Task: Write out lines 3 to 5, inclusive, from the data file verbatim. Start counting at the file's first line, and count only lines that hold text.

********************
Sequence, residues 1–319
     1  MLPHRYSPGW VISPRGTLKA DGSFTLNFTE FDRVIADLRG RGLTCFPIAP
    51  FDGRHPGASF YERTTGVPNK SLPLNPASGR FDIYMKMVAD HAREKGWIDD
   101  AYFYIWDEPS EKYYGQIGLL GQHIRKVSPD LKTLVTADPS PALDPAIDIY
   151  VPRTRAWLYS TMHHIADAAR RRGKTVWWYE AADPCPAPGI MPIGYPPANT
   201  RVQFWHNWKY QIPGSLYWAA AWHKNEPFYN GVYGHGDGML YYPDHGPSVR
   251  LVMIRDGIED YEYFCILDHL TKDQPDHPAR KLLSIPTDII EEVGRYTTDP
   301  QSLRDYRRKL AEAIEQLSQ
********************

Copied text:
    51  FDGRHPGASF YERTTGVPNK SLPLNPASGR FDIYMKMVAD HAREKGWIDD
   101  AYFYIWDEPS EKYYGQIGLL GQHIRKVSPD LKTLVTADPS PALDPAIDIY
   151  VPRTRAWLYS TMHHIADAAR RRGKTVWWYE AADPCPAPGI MPIGYPPANT